Technology’s Role in the New Workforce Ecosystem

By Ray Grainger, Executive Chairman, Kantata

The common approach of acquiring and adopting new technology — conducting an exhaustive evaluation process that drags on for months and often costs more money than the technology itself; paralyzes organizations. The status quo becomes “good enough,” and technology investments go on the back burner. It’s a short-term decision that hurts long-term growth. It’s also an unnecessary one.

Over the last fifteen years, cloud computing has restructured the entire industry of software development and software architecture enabling companies to accelerate digital transformation initiatives at a fraction of the cost of previous technology eras. Cloud-based applications like Salesforce, ServiceNow, and Workday have streamlined business processes, facilitated collaboration, and improved workforce productivity. Gartner estimates that by 2025, over 95% of new digital workloads will be deployed on cloud-native platforms, up from 30% in 2021.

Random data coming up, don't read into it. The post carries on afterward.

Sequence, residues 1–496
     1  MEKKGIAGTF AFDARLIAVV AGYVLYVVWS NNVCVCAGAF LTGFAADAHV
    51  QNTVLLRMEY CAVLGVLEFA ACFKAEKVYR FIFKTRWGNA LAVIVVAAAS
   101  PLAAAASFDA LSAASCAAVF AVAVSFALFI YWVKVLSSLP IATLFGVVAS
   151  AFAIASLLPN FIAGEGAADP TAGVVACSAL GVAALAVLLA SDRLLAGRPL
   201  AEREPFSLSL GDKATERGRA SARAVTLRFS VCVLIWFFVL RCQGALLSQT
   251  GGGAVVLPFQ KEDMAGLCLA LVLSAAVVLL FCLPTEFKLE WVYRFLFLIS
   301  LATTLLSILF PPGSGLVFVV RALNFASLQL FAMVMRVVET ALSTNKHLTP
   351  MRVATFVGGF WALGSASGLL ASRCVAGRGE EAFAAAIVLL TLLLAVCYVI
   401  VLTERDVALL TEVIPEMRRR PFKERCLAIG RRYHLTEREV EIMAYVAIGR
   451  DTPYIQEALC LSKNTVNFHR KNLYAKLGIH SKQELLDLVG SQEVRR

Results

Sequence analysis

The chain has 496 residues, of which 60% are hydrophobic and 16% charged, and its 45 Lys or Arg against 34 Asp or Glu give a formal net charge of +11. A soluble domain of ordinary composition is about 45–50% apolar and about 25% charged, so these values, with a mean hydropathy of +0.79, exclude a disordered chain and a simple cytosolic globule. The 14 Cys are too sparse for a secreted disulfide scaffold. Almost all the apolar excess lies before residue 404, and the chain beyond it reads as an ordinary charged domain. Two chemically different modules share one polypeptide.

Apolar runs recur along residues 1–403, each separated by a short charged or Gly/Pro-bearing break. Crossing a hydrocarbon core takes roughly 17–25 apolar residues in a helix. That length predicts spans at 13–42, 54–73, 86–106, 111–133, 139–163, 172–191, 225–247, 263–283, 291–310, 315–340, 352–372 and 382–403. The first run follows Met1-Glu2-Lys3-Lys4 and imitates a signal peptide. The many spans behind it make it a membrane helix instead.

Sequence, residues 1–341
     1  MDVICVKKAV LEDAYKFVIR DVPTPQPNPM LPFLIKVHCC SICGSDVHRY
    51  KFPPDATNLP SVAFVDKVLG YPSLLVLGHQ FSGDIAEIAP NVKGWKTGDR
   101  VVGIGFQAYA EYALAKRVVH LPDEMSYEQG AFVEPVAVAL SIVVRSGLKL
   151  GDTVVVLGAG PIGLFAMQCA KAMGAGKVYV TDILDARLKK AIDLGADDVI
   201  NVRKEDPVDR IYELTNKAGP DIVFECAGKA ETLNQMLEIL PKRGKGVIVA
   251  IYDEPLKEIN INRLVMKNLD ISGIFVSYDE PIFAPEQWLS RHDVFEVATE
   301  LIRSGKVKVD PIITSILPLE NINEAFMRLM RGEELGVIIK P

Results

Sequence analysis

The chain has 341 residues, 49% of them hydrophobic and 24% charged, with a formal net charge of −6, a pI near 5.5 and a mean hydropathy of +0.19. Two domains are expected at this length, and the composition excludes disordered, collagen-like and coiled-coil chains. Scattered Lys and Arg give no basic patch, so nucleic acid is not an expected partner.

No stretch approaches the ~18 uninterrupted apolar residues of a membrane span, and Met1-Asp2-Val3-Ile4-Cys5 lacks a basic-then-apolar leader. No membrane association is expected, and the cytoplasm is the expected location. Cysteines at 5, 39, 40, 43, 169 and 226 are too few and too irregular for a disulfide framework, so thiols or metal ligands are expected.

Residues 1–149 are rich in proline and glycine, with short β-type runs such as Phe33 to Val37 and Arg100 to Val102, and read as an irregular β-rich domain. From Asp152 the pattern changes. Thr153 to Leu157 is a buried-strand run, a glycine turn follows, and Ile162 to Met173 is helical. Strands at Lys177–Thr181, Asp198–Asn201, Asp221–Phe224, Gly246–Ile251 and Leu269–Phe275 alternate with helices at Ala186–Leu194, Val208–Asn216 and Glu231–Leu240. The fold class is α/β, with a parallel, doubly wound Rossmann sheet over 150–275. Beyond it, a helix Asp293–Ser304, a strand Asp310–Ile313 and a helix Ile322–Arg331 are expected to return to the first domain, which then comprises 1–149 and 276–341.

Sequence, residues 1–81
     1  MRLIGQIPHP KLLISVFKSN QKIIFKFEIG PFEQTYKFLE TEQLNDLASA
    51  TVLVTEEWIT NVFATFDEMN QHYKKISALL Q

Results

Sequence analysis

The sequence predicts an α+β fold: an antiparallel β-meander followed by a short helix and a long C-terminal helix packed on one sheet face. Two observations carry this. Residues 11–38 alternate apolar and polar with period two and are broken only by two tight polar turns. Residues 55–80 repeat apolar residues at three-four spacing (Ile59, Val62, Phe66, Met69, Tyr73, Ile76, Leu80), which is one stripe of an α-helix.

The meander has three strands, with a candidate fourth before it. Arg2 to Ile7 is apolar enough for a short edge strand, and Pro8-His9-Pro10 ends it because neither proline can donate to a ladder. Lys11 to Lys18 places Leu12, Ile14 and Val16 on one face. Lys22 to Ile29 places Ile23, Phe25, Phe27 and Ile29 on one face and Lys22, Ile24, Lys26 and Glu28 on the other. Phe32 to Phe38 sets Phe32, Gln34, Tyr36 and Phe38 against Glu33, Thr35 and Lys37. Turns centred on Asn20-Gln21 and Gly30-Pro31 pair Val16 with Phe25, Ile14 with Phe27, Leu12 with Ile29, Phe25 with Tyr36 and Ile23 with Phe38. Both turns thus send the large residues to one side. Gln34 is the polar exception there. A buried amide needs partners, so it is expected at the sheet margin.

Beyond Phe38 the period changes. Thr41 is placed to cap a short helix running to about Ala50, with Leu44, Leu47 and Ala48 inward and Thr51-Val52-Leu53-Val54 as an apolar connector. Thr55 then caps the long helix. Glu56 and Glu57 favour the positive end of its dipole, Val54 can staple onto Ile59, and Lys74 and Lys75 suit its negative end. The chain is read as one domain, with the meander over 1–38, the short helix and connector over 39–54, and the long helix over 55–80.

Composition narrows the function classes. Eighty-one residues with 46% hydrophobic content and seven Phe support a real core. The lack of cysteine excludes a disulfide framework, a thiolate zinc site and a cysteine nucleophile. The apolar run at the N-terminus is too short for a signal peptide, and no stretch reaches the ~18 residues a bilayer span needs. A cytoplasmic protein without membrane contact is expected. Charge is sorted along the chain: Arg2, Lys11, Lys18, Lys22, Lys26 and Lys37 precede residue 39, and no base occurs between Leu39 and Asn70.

More recently, the introduction of the multi-tenant cloud architecture model — where multiple instances of an application operate in a shared environment — means no more perpetual licenses or long-term contracts and enables software developers to push new features continuously and automatically to users without requiring effort on the users’ part to manage upgrades. And things are getting even better, further lowering acquisition costs: Gartner predicts that by 2025, 70% of new applications developed by organizations will use low-code or no-code technologies, up from less than 25% in 2020.